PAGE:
In P.E. Systems, LLC v. CI Corp. (pdf) the Washington Supreme Court clarified two important points about the Washington Civil Rules and the common law of contracts.  First, the Court squarely held that Washington trial courts may consider a contract attached to a pleading in deciding a motion to dismiss under CR 12(b)(6) without converting the motion to dismiss into a motion for summary judgment.  This is an important procedural issue.  While federal courts have clearly addressed the issue in dozens of published opinions, this opinion eliminates any uncertainty under Washington law and aligns our courts with federal courts.  Second, the Court concluded that a contract that incorporated by reference an incomplete addendum was an “agreement with open terms,” which is binding on parties, rather than an “agreement to agree,” which is unenforceable under Washington law.

BACKGROUND

P.E. Systems (“PES”) is a company that seeks to reduce the credit card processing costs that companies incur.  Under PES’s standard contract, if a client decides to implement the program it must pay PES one half of any savings realized.  To determine the amount of those savings, PES’s contract requires a baseline from which to make the comparison.  That baseline is the client’s “Historic Cost,” which according to the body of the contract is to be mutually agreed upon by the parties and set forth “in Addendum A.”  Here, PES allegedly entered into such a contract with CPI Corporation, but the parties left the Historic Cost calculation blank.

When a dispute arose, PES sued CPI.  CPI filed an answer and attached a copy of the contract to that pleading.  CPI also filed a motion to dismiss, arguing that the contract was an unenforceable agreement to agree.  PES responded to the motion and attached to its response a copy of the same contract as well as a PowerPoint presentation it had given to CPI.  The trial court concluded that the contract was an unenforceable agreement to agree and dismissed PES’s claims.  The court of appeals reversed and directed the trial court to enter judgment in favor of PES on its breach of contract claim.

The Washington Supreme Court affirmed in part and reversed in part.

ANALSYIS

  • “The contract from which a dispute arises, and the authenticity of which is not contested, may be attached to a pleading and may be considered in a CR 12(b) or CR 12(c) motion.”
  • “Conversion from a CR 12(b) or (c) motion to a motion for summary judgment is unnecessary if the sole reason for conversion is attachment of a contract or similar instrument to a pleading.”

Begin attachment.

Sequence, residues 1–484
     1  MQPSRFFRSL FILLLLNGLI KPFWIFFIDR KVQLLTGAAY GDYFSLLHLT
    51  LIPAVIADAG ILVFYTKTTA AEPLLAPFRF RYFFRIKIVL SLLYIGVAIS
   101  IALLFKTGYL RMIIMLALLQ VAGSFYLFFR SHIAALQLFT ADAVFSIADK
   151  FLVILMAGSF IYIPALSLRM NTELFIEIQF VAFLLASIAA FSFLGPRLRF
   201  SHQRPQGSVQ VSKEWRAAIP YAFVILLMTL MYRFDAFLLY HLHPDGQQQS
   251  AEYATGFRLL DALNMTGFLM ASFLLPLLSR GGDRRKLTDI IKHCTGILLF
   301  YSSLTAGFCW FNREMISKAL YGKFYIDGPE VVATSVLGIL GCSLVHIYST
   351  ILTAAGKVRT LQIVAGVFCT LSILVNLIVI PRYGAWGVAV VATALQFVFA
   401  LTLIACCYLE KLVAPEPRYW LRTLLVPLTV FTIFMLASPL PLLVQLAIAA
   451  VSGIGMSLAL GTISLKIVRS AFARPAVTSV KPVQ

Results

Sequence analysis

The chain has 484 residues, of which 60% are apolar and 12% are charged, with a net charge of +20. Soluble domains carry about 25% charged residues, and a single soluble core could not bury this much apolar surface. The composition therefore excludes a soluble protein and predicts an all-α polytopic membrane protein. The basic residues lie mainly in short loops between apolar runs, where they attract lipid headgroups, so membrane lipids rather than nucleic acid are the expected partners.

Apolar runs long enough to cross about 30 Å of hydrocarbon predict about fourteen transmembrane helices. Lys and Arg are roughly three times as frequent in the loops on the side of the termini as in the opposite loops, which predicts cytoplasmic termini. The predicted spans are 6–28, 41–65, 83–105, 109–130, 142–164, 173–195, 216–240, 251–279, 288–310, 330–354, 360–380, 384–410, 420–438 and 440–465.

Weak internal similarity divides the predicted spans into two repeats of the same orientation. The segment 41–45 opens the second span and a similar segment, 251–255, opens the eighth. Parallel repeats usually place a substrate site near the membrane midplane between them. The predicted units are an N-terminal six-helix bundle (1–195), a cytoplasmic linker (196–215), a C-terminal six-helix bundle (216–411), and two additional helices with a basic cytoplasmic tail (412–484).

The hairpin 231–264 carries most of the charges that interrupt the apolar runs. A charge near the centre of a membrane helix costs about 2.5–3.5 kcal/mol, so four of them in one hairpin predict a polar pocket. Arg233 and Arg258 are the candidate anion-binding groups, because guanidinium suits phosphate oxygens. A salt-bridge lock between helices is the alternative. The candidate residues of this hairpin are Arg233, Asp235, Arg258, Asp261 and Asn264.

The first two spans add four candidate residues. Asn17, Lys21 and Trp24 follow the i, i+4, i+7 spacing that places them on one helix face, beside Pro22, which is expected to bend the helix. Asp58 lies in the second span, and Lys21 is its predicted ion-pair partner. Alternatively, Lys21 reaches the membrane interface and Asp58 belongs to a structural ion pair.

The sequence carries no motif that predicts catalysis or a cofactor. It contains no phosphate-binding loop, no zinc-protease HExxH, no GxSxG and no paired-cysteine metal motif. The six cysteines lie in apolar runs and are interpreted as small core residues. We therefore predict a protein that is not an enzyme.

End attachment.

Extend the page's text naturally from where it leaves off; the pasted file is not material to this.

• In contrast to the contract, PES’s PowerPoint presentation (attached to its response to CPI’s motion to dismiss) was extrinsic evidence offered to clarify the terms of the contract.  Once such evidence is considered, a motion on the pleadings should be converted to a motion for summary judgment.
  • The Washington Supreme Court has identified three types of contracts regarding which disputes may arise:  an agreement to agree, an agreement with open terms, and a contract to negotiate.
  • An agreement to agree is an agreement that requires a further meeting of the minds.  Such agreements are not enforceable under Washington law.
  • Under an agreement with open terms, the parties intend to be bound by the agreement on the key points that are agreed upon with the remaining terms supplied by a court or another authoritative source (such as the Uniform Commercial Code).
  • In a contract to negotiate, the parties exchange promises to conform to a specific course of conduct during negotiations.  No Washington Court has directly addressed whether a contract to negotiate is independently enforceable.
  • Here, the parties agreed to all material terms, including the formula for calculating CPI’s Historic Cost.  Because that number can be determined by a specific mathematical formula, any dispute regarding that calculation can be resolved by a trial court.  As such, the contract is an agreement with open terms.
  • Because the resulting contract is an enforceable agreement with open terms, the Court of Appeals properly reversed the trial court’s dismissal order.  But it erred by directing judgment in favor of PES.  The trial court should consider all remaining defenses on remand.